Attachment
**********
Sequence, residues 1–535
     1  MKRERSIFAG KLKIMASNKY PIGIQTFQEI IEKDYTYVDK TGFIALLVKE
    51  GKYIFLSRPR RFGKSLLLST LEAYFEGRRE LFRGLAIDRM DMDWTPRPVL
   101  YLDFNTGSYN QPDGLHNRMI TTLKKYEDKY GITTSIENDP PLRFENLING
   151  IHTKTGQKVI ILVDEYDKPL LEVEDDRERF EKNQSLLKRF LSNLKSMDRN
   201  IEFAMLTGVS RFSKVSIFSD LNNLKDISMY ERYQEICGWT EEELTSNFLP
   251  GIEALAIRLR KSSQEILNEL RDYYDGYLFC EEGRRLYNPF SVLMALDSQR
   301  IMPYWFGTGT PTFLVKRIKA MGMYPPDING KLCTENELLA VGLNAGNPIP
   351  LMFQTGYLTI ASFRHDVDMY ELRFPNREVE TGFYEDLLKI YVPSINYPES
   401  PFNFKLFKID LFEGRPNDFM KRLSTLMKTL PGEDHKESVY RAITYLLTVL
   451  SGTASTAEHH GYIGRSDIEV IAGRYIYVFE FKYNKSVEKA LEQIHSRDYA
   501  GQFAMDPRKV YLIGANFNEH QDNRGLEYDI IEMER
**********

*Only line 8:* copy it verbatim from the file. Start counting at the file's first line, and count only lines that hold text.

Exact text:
   301  IMPYWFGTGT PTFLVKRIKA MGMYPPDING KLCTENELLA VGLNAGNPIP